Therapy (for my) dog

Tuesday was my first day back on campus for work since mid March. Students won’t be present the first few days, but I was occupied with organizing my library and trying to get a handle on this year’s academic schedule. I’m nervously excited for the new school year, in an elevated way this particular September.

While I have some trepidation about the threat of Covid,  I’m currently more concerned with what may go on this week at home rather than the potential risk of getting sick at work. For the first time in more than five months, my dog is going to be home alone for a significant amount of time.

My six year old yellow Labrador, Jeter Greenwood Lilly, and I have spent the majority of 2020 together. When we’re not out walking or running, we’re on the deck together. If being outside isn’t an option, Jeter follows me from room to room until finally settling on a spot within eyesight of me to nap. We’re bonded, big time.

As I was told recently, Jeter is the boyfriend I always wanted – interested in being with me, enthusiastic in his affection and assertive enough to at times determine the direction in which we’re going. Truth.

Jeter and I spent last week on vacation together. Yes, I do in fact take my dog to Cape Cod.  The place I’ve rented the past few years has a pond so private that daytime skinny dipping is an option and Jeter owns it. From the moment we arrive, all he wants to do is swim. And be with me, of course.

On the raft together

Seriously, as noted by my vacation housemates, this dog is slightly obsessed with me. When we were at the pond together it was nearly impossible to get more than 20 feet away from him. When I took a paddle board out for a spin around the perimeter of the pond, he whined the entire time he was denied my company. It was sweetly pathetic – a characteristic I’m not interested in when it comes to romantic partners, incidentally.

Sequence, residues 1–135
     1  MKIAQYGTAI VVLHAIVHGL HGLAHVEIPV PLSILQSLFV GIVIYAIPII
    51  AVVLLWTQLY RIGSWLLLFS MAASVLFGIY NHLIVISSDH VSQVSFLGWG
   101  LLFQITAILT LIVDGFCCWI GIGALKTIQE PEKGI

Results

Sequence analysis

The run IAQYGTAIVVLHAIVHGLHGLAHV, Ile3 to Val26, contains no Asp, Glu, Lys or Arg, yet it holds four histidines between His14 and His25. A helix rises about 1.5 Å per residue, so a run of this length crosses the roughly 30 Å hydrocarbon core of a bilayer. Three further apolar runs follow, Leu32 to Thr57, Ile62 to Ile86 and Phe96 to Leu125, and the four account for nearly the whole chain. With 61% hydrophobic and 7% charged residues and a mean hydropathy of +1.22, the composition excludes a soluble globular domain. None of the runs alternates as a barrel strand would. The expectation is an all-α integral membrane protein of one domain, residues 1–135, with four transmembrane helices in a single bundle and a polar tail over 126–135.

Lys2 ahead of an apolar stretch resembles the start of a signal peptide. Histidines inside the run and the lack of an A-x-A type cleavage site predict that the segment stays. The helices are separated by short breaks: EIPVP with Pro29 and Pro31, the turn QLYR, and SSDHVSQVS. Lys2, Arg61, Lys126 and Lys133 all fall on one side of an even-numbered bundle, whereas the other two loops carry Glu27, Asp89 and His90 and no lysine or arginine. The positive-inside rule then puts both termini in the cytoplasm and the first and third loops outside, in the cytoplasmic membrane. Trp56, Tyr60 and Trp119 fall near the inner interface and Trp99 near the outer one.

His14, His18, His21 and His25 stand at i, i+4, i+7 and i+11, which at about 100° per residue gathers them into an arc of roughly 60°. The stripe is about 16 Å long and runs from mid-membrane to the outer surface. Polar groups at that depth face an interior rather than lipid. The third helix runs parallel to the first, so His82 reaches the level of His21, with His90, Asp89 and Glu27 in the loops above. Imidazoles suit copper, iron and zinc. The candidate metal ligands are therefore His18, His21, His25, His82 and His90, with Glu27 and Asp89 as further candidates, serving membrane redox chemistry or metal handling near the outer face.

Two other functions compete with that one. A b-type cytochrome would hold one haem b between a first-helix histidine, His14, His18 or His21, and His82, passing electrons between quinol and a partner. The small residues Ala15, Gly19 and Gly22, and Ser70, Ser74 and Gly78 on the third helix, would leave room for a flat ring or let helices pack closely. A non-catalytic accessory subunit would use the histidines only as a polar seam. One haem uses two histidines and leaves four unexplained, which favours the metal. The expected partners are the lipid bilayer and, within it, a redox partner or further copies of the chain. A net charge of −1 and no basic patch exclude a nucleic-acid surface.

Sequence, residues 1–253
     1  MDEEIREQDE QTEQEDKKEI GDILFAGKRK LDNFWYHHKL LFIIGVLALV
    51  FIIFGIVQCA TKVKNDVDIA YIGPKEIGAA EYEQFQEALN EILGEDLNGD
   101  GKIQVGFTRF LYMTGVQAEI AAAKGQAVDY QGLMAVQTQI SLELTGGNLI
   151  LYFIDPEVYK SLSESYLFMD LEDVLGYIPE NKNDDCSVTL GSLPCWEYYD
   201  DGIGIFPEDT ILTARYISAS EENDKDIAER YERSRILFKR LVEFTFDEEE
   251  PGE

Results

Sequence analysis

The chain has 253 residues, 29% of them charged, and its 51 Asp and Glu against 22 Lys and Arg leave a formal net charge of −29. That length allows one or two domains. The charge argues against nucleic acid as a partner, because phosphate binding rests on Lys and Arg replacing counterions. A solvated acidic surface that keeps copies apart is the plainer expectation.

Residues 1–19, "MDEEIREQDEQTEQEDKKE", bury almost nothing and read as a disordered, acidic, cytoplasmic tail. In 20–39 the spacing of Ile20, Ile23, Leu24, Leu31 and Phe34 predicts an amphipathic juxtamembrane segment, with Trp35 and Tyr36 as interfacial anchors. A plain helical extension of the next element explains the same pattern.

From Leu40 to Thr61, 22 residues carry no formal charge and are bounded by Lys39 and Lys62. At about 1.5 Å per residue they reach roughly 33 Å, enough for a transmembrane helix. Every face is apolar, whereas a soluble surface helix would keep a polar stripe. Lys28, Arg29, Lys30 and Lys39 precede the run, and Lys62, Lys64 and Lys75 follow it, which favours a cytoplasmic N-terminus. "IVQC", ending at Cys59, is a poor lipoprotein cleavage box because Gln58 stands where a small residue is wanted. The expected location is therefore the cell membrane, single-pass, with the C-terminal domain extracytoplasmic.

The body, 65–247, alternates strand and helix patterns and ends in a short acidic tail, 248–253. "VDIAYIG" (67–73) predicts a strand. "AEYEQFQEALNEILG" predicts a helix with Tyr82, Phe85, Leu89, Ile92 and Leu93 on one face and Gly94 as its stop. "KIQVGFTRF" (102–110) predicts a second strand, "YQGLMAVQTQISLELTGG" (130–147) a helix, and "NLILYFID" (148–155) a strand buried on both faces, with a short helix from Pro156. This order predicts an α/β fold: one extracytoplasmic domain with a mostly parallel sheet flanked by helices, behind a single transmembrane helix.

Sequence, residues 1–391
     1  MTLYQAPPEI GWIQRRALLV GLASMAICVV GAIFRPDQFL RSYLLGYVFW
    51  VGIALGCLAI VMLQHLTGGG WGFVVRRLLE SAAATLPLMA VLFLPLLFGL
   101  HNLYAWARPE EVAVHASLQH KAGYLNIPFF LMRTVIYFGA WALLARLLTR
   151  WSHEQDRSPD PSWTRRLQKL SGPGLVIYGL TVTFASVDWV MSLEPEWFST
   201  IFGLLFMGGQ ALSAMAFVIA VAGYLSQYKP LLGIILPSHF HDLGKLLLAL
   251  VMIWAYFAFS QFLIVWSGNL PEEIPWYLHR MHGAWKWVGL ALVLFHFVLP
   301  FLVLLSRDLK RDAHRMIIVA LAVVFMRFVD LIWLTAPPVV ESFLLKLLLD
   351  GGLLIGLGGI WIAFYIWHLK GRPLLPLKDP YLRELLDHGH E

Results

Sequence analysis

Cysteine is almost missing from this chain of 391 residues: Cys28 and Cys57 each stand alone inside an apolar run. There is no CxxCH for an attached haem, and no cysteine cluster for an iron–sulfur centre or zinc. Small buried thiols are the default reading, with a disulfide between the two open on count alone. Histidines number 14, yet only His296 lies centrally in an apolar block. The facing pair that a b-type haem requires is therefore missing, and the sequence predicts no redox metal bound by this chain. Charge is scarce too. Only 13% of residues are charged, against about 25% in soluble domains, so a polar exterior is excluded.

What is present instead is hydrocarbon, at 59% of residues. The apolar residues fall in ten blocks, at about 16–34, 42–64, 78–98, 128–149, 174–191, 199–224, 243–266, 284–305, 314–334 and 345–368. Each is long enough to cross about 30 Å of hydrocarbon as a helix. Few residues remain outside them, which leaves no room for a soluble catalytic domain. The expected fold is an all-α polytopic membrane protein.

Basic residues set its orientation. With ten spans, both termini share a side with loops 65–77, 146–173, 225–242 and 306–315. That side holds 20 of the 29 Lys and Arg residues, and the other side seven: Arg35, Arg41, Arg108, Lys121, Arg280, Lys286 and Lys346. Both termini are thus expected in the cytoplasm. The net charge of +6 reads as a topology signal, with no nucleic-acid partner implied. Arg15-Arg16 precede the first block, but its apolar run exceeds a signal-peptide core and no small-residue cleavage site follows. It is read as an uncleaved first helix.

Our Wellfleet week was filled with walks to the ocean, where Jeter was tortured by the presence of nearby birds and piqued the interest of a pod seals swimming remarkably close to shore. He suffered the brutality of green head flies attracted, no doubt, by the briny aroma of his fur after days of swimming. His tail wagged constantly, nonetheless.

Jeter swam every single day, sometimes multiple times, and his love for the water is truly a joy to witness. Despite his almost comic enthusiasm for leaping into the pond, he never failed to check in with me for permission before throwing his body into the water with an impressive splash. Good boy!

If you have a pet, you know how they possess the ability to make a house a home. At the end of a long day, there’s a primal comfort in being welcomed at the door by a beloved animal. I know my lab is going to miss me, but I’d like to believe he’ll make it without either of us needing professional attention or support.

Here’s hoping that Jeter and I, as well as any of you who are resuming a normal schedule in an absolutely abnormal time, have a great first week back. Wear your mask and stay well!





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